It’s partly to wake myself up. There’s no FOMO that hits me harder than lying in bed through a midsummer dawn. The relief of being awake is worth every ounce of hardship. The acceptance of things as they are – bigger, wider, deeper. The chance to give up the ghost of control over the unfathomable mystery of life.

‘We still and always want waking’ wrote Annie Dillard. ‘We should amass half dressed in long lines like tribesmen and shake gourds at each other, to wake up; instead we watch television and miss the show.’

Wild places are crucial as spaces where waking up can take place. The concept of untrammeled, unsponsored land, even if it exists only in our heads, is a healthy retort to the sleepy hubris of humanity. Personally, I find the knowledge that there are places in this world that do not conform to the laws of mankind immensely comforting.

This is why I am worried about something. There seems to be a growing trend for cashing in on the cool capital of nature in order to sell oneself on social media.

Some environmentalists argue that by applying market values to the natural world we are likely to have more success in protecting it. George Monbiot called this the Natural Capital Agenda, and if you think it’s a good idea (as I used to) then take a look at the transcript of a lecture he gave at the University of Sheffield in July 2014. He neatly sums up the root of my disquiet:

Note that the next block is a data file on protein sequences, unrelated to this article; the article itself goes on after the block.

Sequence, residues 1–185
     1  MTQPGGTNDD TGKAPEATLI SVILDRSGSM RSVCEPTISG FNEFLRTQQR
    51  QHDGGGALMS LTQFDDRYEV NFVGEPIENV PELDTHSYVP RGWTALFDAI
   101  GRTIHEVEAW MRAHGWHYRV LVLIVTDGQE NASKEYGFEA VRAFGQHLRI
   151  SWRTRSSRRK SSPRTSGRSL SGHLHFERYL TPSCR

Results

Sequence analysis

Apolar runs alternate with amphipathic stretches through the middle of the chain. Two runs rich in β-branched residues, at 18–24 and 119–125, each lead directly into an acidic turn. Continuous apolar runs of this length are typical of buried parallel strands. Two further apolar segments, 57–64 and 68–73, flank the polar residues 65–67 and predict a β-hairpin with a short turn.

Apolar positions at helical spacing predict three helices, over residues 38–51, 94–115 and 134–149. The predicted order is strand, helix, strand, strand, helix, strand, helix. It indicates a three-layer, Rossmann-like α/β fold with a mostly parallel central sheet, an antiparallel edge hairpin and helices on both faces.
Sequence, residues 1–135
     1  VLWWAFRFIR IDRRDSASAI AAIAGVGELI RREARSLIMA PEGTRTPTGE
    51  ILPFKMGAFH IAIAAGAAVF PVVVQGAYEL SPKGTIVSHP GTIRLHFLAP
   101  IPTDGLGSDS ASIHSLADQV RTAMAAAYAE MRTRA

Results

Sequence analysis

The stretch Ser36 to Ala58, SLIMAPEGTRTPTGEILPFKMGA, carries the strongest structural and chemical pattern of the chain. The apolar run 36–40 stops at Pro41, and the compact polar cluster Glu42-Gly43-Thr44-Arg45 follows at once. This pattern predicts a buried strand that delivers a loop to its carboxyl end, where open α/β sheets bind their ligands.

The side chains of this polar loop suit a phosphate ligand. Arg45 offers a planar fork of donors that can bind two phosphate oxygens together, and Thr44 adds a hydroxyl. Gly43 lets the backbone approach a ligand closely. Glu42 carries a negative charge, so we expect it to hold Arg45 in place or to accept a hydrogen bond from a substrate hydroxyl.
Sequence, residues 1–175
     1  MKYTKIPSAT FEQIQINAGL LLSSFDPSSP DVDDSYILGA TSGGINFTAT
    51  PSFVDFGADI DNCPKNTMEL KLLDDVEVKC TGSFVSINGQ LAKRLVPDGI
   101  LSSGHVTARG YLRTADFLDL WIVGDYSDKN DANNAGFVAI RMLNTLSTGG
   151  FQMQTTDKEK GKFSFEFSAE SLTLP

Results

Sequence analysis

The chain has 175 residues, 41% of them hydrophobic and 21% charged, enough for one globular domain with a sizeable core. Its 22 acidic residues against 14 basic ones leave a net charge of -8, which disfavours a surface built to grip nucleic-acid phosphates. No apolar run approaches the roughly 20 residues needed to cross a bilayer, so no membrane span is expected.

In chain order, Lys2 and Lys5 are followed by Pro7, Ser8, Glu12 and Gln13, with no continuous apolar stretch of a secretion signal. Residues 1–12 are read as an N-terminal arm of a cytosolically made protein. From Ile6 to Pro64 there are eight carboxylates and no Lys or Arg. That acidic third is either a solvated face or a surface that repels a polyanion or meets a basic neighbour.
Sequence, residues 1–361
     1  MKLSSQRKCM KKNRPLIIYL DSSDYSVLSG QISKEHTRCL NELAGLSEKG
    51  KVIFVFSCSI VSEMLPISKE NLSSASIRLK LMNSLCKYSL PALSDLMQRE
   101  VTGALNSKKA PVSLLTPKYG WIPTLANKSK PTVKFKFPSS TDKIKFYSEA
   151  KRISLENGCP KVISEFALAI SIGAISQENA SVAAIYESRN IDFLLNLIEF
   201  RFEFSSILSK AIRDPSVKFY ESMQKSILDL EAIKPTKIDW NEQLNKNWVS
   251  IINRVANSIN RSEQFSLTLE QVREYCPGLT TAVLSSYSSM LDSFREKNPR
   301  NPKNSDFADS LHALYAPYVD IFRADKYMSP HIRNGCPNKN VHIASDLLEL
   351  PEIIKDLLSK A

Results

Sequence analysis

‘…in the majority of cases, efforts to price the natural world are complete and utter gobbledygook. And the reason why they are complete and utter gobbledygook is that they are dealing with values which are non-commensurable.’

This is why I get anxious when I see another trendy film of a far-flung surf spot being used by a ‘cold water surf company’ to hawk T-shirts. It’s why I worry when I see images of ‘nature’ and ‘wilderness’ exploited by London-based digital self-marketeers as the latest aspirational tool in the hateful culture of envy that is Facecrack. I worry even more because I don’t think the perpetrators know what they’re doing. Tricky to express the whispering of the constellations in 140 characters. And taking selfies of yourself being by yourself surely defeats the purpose. I think they’re missing the point.

‘True solitude is found in the wild places’ wrote Wendell Berry, ‘where one is without human obligation. One’s inner voices become audible. One feels the attraction of one’s most intimate sources.’

Cashing in on the cool capital of nature is not harmless, still less a positive way to protect the environment. It desecrates it. The wild places, by definition, cannot be marketed. Things that end up in the market have been trapped, tamed, claimed and branded. They are for sale. No longer free.

Tread carefully. Take nothing. Wilderness is for life, not just for capital.